When our customers search for products, we consistently appear early in the search results. Our strategy to match relevant products based on customer behavior enables us to optimize investments across media to continue to grow our customer file.
Additionally, we remain focused on providing a strong value proposition to our customers through pricing and promotions. In our ongoing efforts to improve margin, we are evaluating how AI-based algorithms can determine the optimal offer to place on a given item to drive the best response from our customer. While still early, we’re pleased with the results and we’ll continue to test and learn through the spring summer season with a goal of having our dynamic promotion model in place for holiday peak.
Mobile remains a top priority, he says, with mobile traffic now exceeding desktop traffic and up 25% in the most recent quarter:
We expect that trend to continue through the year. This is particularly exciting heading into the back-to-school season as we know the smartphone is a busy parent’s preferred device. We made improvements to our mobile site speed in the first quarter and over the next several quarters, we’ll increase our efforts to further improve site speed and optimize our mobile experience.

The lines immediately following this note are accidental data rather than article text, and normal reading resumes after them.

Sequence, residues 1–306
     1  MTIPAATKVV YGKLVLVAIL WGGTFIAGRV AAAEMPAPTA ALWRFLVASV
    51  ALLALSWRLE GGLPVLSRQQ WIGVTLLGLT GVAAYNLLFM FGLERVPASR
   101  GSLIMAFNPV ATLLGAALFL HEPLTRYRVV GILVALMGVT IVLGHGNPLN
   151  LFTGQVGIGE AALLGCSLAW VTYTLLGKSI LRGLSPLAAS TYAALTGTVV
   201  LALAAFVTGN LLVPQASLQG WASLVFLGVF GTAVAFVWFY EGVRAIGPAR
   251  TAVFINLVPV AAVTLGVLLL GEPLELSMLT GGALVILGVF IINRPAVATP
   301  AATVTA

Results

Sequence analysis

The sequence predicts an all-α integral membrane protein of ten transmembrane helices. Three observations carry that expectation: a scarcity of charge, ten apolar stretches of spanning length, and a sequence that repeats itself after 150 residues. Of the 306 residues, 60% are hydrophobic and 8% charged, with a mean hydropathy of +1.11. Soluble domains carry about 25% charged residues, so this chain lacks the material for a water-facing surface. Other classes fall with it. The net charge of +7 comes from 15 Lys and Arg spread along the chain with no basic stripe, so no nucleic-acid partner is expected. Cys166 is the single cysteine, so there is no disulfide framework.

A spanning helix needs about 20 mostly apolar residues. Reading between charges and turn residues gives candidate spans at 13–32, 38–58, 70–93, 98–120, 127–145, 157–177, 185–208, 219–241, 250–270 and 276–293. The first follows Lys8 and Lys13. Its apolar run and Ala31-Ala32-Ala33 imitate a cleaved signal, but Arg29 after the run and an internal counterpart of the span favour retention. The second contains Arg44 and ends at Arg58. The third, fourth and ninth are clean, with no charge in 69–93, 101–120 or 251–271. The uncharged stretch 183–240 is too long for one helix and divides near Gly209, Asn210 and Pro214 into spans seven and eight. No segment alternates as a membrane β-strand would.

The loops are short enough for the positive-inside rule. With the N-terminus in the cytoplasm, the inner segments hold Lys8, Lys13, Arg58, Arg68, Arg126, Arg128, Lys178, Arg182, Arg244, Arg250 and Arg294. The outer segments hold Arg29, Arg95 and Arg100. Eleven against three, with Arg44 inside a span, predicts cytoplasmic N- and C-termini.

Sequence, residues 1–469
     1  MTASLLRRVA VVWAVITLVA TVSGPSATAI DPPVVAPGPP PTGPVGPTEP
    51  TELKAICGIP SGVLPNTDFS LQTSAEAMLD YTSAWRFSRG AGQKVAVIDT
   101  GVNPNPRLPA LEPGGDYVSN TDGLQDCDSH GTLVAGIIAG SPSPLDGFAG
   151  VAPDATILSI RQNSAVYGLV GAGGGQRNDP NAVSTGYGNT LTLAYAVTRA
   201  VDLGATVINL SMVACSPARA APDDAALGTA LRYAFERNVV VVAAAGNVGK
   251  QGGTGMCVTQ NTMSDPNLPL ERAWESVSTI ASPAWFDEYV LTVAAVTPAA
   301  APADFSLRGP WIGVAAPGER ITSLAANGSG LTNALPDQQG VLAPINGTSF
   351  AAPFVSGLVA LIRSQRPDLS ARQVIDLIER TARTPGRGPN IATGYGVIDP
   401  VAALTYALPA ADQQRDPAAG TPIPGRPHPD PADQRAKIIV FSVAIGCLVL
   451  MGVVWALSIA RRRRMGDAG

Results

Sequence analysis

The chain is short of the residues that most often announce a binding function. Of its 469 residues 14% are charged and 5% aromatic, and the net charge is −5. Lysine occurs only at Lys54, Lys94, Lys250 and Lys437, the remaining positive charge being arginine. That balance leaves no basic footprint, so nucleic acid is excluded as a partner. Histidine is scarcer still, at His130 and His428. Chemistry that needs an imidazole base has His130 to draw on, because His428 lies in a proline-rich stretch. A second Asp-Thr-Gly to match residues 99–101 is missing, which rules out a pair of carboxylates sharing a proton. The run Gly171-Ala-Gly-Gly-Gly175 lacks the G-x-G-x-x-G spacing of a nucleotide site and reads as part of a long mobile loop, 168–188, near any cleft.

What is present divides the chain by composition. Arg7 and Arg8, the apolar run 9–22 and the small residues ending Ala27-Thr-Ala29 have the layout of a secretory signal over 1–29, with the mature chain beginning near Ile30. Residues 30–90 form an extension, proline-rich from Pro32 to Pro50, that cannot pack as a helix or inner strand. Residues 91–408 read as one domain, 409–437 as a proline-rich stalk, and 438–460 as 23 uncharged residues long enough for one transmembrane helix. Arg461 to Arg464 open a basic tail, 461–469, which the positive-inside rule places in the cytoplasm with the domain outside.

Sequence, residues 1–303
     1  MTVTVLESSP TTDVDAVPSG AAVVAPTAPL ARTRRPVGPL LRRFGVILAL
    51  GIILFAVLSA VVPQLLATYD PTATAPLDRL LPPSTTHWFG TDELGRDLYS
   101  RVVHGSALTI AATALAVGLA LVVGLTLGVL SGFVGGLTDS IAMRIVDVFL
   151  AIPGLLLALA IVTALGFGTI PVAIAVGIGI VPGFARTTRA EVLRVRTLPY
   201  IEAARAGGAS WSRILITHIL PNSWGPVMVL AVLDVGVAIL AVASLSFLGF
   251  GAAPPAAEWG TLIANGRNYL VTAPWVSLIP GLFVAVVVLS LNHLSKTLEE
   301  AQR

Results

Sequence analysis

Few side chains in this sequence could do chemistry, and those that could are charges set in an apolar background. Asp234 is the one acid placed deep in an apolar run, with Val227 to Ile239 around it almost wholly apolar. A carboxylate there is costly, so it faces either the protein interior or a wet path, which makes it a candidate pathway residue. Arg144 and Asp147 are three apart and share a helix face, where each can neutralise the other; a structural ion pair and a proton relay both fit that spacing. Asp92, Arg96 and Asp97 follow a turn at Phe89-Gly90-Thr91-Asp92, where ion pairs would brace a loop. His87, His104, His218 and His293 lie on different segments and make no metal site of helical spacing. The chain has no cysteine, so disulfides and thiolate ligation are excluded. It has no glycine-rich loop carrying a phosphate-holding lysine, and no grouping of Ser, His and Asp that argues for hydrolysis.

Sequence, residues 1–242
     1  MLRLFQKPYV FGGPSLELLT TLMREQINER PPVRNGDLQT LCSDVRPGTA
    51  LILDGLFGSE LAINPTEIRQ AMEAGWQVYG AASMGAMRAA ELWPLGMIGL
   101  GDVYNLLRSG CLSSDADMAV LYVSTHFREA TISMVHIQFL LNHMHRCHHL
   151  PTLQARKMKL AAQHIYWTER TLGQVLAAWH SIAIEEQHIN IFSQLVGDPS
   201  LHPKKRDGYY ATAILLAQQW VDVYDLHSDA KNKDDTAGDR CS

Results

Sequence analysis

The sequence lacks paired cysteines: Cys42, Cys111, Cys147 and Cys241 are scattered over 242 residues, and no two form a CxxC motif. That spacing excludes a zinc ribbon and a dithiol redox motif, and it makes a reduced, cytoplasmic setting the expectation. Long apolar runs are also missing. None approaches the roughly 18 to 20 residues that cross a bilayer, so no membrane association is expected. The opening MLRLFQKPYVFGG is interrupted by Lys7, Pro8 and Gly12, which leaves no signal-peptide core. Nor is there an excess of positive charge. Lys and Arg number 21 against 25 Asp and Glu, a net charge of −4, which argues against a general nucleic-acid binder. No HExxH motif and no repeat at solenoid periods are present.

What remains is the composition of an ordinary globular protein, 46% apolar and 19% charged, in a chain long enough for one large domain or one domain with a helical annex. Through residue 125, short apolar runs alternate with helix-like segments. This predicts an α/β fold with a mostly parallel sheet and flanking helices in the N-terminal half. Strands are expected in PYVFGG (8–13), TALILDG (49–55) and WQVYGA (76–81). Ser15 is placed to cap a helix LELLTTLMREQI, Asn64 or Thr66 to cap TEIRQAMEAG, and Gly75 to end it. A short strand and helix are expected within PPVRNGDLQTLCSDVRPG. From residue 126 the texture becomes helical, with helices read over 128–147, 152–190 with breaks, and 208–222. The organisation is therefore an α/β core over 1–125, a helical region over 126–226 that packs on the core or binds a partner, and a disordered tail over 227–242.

Customer behavior continues to shift somewhat from desktop or laptop and then into mobile. We think there’s a lot of opportunity for us on mobile with our product display pages and being able to get the product in front of the consumer faster, making it easier for them to check out.
So when it comes to continued spend on tech, it’s a case of having to grit the corporate teeth and get on with it. Griffith observes:
There’s really no end of technological advancements out there. So we think this is going to be long term for us. But we think when it comes to expense, we’ve spent a very large amount of money over the last few years on our backbone system,. Our ERP is complete now. EOM [Enterprise Order Management] is under way. Those are bigger expenses than continuing to manage your website and upgrade the speed or upgrade the flexibility of your website. We think the bigger costs for us are behind us. But we will see continued investment into our website going forward, that’s not going to stop. And as customer behavior continues to evolve, we’ll evolve right along with it.
In the real world, land’s end is typically a steep cliff face off of which it’s all too easy to fall if you’re not careful. Tracking Lands End’s omni-channel transformation does require an acceptance that its circumstances are different to other retailers, thanks to its former dependency on its Sears relationship. Having gone cold turkey on that, the challenges ahead are manifold. I do remain concerned that Griffith still talks in rather cautious terms about needing to learn about stores, but the firm is coming from behind on this front so perhaps it’s inevitable. But getting to that ‘loving the store’ omni-channel balance is some way off I fear.